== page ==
There is no political intrigue, no mystery to solve, no stalkers or assassins. Bootlicker is straight up fiction, and the good kind. We see the story unfold from the eyes of several different people, different views that make things feel real and earnest. I ached with their pains and rejoiced with their victories. Piacente wrote in a way that immediately draws you into the story, it pleads with you to invest your emotional fortune there, and leaves you stripped bare and yearning for the story. You believe it, you want it, and you will it with all your might to happen. And when it does, you’re relieved that it’s finished, glad that justice is served, and weary from just taken such a journey.
Booklicker isn’t perfect. We had our fair share of words. It knows how I feel, and we’re both ok with that. What it is, is a heart wrenching story, a victorious story; one you must read. (less)
R. Scott Anderson’s The Uncommon Thread is a hilarious romp through the musings of a deep thinker. Albeit irreverent at times, there is something to b...moreR. Scott Anderson’s The Uncommon Thread is a hilarious romp through the musings of a deep thinker. Albeit irreverent at times, there is something to be learned from Anderson.
The short essays are witty, full of quips and jabs, but not demeaning or degrading. They are fun, quick reads, all with a message to be taken from them. Several had me actually laughing out loud, some in thoughtful silence. Others brought me to near-tears. What you need to know going into these essays is that you will see life through the eyes of a very intelligent doctor, and reevaluate how you see your own life, how seriously or not you take it, how you will let what you read and learn change you.
I liked the honest voice in which each essay was written. It was relatable and genuine, like going to coffee with a dear friend and discussing the latest adventure and lessons learned. There was a bit of comfort and nostalgia, mixed in with just enough excitement to keep you drawn into the story. Several short stories were included as well. Some were humorous, others verging on unusual or weird.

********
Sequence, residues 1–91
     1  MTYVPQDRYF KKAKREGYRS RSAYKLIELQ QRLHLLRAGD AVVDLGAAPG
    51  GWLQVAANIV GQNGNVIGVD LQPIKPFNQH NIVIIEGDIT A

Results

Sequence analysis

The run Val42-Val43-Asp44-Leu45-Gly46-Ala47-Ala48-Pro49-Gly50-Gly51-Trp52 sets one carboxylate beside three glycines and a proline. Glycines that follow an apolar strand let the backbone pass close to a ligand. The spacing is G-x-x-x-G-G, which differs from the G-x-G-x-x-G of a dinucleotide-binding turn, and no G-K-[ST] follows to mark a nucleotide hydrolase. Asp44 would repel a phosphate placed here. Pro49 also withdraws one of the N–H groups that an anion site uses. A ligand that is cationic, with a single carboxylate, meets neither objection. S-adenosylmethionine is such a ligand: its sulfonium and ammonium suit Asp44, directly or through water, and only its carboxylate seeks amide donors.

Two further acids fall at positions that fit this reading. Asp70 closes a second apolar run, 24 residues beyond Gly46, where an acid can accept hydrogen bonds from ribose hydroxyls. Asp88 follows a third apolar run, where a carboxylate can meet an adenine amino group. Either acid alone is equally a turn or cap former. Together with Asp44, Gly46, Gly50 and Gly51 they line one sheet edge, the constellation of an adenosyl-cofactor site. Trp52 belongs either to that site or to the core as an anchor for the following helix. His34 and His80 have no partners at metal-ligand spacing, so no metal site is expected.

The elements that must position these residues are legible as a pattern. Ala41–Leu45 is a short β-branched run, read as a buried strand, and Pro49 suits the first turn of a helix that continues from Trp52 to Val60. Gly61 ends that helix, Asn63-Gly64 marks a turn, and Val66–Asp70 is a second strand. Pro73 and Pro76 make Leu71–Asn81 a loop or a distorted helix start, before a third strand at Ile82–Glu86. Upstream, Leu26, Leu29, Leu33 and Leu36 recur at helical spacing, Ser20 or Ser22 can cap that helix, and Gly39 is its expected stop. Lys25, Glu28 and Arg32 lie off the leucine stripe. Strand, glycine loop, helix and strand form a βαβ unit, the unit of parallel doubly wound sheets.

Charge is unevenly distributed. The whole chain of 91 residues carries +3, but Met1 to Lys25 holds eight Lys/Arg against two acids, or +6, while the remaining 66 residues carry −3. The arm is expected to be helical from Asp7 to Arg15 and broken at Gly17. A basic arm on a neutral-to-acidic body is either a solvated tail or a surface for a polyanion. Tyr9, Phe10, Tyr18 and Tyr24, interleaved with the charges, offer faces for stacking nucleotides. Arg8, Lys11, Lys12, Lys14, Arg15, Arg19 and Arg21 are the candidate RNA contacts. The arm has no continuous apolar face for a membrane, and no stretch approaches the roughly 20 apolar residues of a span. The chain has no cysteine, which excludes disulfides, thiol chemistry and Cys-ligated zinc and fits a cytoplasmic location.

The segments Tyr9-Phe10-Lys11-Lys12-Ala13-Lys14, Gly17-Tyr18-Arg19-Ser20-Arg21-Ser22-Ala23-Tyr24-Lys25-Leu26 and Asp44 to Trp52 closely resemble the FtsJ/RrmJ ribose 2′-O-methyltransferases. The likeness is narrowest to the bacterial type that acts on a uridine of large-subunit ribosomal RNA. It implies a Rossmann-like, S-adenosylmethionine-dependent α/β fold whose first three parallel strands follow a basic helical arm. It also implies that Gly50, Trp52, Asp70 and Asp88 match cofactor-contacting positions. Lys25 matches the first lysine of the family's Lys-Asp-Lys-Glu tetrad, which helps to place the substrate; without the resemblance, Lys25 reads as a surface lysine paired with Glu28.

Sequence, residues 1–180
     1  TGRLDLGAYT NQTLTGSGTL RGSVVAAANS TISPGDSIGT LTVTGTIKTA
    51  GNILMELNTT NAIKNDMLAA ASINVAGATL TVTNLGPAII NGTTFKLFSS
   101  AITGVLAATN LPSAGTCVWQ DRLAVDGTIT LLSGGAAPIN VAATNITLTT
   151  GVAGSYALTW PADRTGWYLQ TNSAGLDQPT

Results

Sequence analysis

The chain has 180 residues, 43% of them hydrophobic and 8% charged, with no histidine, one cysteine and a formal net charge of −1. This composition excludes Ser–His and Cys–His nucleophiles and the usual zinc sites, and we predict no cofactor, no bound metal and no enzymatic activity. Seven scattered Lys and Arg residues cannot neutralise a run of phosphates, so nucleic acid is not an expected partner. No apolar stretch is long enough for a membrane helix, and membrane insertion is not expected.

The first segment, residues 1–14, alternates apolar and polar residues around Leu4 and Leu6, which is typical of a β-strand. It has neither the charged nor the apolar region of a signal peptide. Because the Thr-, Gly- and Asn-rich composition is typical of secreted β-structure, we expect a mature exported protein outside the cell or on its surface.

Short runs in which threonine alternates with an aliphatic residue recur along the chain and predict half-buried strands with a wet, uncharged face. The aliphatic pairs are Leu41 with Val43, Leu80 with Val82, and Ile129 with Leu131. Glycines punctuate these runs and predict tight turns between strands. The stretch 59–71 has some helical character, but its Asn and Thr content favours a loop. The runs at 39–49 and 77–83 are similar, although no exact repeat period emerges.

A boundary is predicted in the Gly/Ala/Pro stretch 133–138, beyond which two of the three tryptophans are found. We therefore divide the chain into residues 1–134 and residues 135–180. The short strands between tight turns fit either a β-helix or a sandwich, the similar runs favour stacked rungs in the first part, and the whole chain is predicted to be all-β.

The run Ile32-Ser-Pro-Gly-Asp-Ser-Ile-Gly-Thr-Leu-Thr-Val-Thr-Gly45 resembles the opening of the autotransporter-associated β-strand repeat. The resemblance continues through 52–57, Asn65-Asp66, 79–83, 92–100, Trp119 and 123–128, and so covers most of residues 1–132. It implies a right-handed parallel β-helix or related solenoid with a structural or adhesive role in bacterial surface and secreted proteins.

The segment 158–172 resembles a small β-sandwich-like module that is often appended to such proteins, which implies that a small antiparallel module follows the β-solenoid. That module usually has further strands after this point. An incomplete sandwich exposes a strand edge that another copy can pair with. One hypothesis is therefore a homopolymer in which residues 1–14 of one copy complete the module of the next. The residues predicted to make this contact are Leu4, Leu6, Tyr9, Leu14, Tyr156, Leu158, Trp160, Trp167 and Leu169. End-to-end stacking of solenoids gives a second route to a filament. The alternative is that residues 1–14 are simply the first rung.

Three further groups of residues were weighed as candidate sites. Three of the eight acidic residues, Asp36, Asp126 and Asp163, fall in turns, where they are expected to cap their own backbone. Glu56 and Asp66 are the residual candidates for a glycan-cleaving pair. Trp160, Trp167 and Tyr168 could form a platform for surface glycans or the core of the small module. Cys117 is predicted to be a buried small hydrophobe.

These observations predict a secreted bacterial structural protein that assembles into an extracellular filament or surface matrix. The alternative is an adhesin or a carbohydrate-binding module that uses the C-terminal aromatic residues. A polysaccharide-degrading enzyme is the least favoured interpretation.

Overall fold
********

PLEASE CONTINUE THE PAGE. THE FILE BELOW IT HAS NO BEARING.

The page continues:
One of the great things about reading a compilation of short stories or essays is that it is full of variety. I never got bored reading Anderson’s writings! They were captivating. I tended to enjoy most reading his retelling of something that happened within his family, stories about his children especially.
This is a fun, easy read that will open your mind, give your funny bone a workout, and most of all, entertain you. (less)
Redundant, over-descriptive. How many times can you describe the same graveyard in the same chapter using the same words? Apparently a lot. Only one e...moreRedundant, over-descriptive. How many times can you describe the same graveyard in the same chapter using the same words? Apparently a lot. Only one example of the repetitiveness of Abandon.(less)
There comes a time when we must learn from our mistakes, take responsibility for our actions, accept the consequences, and move on. Stronger, greater,...moreThere comes a time when we must learn from our mistakes, take responsibility for our actions, accept the consequences, and move on. Stronger, greater, more knowledgeable than we were. Sean DeLauder in a humorous, witty, quirky way explores these themes.
Hedge, a plant come to Earth in human form, has been sent to study humanity, to learn their ways, what makes them tick. It was fun to see us through his eyes. How our everyday, without-much-thought routines can seem trivial and ridiculous.
Even understanding why and how we love someone and how to express that love was hilarious:
She gave him a half smile.
"You're always so weirdly sincere," she said. "I guess I love you for that." The half smile found its other half and became full, but she was staring at him in the intense, patient way that told him she was waiting for something. Not just something, an equal acknowledgement of the love which she had just expressed.
Hedge thought a moment, then smiled in return.
"I find you highly symmetrical." (Kindle Locations 427-433).
Even some of our greatest pastimes were analyzed, shaken down, and exposed at their basest levels: